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Chinese search engine plants digital flag on islands in Japan-China dispute

September 18, 2012 1:11pm

Tags: Japan
Baidu page
Baidu page. Baidu plants digital flag on disputed island
As China's territorial row with Japan rages on, a major Chinese Web portal has planted a "digital flag" on the disputed territories on its homepage.

But an executive of the search engine Baidu told a tech site that the move is aimed to prevent violence by encouraging people to air their patriotism in a peaceful way.

“The overwhelming majority of Baidu’s employees and users clearly feel very strongly on this topic, but our purpose was to encourage people to be rational in their expressions of patriotism, to renounce violence and other forms of extremism. Planting a digital flag to express your feelings on the matter of the Diaoyu Islands is a much better alternative to throwing rocks or smashing cars,” Kaiser Kuo, Baidu’s director of international communications, told The Next Web.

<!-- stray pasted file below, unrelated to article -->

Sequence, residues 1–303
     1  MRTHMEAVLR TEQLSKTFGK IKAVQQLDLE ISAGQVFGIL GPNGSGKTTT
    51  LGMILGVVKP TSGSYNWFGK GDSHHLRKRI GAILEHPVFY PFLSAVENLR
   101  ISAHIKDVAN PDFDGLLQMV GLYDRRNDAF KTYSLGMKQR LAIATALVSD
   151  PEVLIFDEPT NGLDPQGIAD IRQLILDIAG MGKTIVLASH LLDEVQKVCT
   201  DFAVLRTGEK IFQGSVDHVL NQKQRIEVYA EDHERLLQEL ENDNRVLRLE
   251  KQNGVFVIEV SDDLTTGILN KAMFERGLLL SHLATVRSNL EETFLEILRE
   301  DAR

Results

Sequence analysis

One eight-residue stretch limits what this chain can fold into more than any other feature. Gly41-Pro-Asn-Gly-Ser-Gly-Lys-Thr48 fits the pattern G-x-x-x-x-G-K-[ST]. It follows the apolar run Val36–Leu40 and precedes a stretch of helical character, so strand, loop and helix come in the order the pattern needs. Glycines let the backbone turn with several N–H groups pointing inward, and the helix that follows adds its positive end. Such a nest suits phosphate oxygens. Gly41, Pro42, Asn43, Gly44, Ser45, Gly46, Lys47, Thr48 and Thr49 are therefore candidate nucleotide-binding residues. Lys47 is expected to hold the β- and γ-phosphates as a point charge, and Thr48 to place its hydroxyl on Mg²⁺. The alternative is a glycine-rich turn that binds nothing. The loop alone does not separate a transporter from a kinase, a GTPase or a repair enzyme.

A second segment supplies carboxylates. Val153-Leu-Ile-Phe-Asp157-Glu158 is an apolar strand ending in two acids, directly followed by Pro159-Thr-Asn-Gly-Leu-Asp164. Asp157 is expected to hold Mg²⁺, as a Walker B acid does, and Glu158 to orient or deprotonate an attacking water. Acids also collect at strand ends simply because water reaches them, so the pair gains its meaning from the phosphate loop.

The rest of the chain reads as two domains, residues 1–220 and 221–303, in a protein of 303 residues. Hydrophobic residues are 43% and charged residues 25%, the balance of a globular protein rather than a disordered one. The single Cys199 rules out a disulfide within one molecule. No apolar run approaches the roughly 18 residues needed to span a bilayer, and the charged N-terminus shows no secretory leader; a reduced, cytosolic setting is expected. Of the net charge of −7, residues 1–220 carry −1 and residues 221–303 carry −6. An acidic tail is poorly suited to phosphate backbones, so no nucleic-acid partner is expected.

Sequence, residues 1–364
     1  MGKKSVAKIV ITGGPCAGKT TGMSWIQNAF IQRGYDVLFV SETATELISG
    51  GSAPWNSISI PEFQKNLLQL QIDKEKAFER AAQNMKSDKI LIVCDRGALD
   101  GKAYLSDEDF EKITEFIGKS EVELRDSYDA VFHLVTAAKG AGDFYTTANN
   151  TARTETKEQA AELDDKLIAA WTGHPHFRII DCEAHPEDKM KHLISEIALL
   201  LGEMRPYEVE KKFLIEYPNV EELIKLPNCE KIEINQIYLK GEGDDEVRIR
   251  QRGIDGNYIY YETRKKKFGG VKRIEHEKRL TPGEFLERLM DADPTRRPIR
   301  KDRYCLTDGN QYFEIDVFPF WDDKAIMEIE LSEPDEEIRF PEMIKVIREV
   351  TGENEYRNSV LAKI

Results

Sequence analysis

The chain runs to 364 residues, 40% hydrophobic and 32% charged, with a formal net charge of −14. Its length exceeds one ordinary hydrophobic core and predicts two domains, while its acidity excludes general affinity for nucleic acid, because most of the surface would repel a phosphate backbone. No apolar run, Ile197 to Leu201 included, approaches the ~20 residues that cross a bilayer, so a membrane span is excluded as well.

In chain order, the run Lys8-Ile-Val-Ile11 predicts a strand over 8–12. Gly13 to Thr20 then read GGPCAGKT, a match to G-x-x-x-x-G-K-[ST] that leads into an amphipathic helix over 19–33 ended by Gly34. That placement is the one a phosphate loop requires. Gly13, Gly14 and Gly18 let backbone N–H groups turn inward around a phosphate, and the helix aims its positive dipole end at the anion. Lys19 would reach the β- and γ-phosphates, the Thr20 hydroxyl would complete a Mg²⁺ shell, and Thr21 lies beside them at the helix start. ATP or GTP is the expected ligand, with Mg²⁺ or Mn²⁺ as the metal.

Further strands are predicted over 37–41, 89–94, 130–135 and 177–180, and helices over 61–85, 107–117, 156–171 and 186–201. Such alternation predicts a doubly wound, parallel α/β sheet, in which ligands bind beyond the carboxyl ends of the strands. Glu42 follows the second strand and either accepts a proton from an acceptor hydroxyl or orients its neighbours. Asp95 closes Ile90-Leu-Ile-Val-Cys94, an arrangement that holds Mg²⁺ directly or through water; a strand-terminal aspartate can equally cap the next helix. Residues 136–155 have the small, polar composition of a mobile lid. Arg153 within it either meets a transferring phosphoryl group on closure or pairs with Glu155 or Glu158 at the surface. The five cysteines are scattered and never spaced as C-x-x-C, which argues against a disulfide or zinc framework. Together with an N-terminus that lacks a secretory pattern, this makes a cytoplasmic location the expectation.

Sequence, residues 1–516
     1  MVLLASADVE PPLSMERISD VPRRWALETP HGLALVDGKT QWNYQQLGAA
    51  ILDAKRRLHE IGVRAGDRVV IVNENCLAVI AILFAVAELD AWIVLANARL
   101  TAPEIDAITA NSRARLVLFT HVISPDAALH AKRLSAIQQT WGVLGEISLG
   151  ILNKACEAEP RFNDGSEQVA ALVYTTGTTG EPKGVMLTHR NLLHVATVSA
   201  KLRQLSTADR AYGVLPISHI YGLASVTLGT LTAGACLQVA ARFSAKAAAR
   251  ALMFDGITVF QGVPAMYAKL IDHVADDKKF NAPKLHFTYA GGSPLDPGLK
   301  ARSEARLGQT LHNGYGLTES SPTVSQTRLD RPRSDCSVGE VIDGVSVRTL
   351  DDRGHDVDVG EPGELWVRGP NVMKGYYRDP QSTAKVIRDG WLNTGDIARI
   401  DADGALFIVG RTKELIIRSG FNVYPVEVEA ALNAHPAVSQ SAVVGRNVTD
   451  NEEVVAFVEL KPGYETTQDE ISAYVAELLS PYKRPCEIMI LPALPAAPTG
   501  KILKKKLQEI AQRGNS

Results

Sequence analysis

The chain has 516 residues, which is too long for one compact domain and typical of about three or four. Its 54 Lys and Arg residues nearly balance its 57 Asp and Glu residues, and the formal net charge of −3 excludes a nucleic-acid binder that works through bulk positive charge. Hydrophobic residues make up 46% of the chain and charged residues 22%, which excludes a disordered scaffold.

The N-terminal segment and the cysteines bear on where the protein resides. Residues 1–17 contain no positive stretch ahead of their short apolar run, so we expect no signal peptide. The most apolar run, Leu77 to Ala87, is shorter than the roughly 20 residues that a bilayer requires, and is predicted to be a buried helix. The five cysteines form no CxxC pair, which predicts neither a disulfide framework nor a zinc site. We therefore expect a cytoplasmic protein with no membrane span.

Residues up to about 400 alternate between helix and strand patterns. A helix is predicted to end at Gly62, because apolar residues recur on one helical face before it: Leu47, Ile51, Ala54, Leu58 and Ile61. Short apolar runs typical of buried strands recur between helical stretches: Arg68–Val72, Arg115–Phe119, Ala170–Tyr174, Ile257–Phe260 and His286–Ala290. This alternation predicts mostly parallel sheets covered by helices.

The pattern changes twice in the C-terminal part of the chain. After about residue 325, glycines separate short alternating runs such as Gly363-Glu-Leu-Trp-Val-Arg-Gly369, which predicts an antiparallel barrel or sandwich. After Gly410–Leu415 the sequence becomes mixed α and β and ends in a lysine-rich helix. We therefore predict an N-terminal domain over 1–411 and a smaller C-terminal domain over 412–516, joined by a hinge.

However, "Given Baidu’s huge influence and visibility in China, the move could have been construed as an act of fervent nationalism or stoking trouble," The Next Web said.

Baidu's digital flag was in the form of a doodle of China's flag planted on the East China Sea islands, called Diaoyu by the Chinese and Senkaku by the Japanese.
A screenshot of the homepage as of Tuesday, 2:07 p.m. Manila time.

The Next Web also noted that September 18 is a sensitive day in China-Japan relations, as it is the anniversary of an incident that led to the Japanese invasion of Manchuria in 1931.

The situation escalated when Japan bought the islands last week despite China's warnings that it was "playing with fire."

This has led to protests in front of the Japanese Embassy in Beijing, the shutdown of some Japanese factories in China and calls for Japanese nationals in the country to stay indoors.

Earlier this year, tension between the Philippines and China over the Panatag (Scarborough) Shoal prompted an exchange of hack attacks that targeted Philippine and Chinese websites. — BM, GMA News
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